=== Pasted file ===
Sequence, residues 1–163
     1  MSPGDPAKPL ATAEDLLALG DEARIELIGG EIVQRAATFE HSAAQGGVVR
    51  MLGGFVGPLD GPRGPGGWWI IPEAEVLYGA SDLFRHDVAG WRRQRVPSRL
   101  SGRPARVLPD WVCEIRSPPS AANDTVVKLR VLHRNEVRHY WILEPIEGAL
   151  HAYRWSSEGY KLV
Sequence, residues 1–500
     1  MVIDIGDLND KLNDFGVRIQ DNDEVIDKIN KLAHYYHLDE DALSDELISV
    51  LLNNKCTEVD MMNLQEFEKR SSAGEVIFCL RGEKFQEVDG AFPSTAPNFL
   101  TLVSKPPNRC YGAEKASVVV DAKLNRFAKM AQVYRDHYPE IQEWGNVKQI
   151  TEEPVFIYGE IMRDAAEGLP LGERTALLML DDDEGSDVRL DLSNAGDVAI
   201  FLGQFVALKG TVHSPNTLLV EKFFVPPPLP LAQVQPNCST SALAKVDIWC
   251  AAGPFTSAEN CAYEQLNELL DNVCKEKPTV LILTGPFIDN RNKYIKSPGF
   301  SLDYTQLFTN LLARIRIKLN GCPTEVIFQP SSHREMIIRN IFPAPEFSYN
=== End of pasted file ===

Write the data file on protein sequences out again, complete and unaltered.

Sequence, residues 1–163
     1  MSPGDPAKPL ATAEDLLALG DEARIELIGG EIVQRAATFE HSAAQGGVVR
    51  MLGGFVGPLD GPRGPGGWWI IPEAEVLYGA SDLFRHDVAG WRRQRVPSRL
   101  SGRPARVLPD WVCEIRSPPS AANDTVVKLR VLHRNEVRHY WILEPIEGAL
   151  HAYRWSSEGY KLV
Sequence, residues 1–500
     1  MVIDIGDLND KLNDFGVRIQ DNDEVIDKIN KLAHYYHLDE DALSDELISV
    51  LLNNKCTEVD MMNLQEFEKR SSAGEVIFCL RGEKFQEVDG AFPSTAPNFL
   101  TLVSKPPNRC YGAEKASVVV DAKLNRFAKM AQVYRDHYPE IQEWGNVKQI
   151  TEEPVFIYGE IMRDAAEGLP LGERTALLML DDDEGSDVRL DLSNAGDVAI
   201  FLGQFVALKG TVHSPNTLLV EKFFVPPPLP LAQVQPNCST SALAKVDIWC
   251  AAGPFTSAEN CAYEQLNELL DNVCKEKPTV LILTGPFIDN RNKYIKSPGF
   301  SLDYTQLFTN LLARIRIKLN GCPTEVIFQP SSHREMIIRN IFPAPEFSYN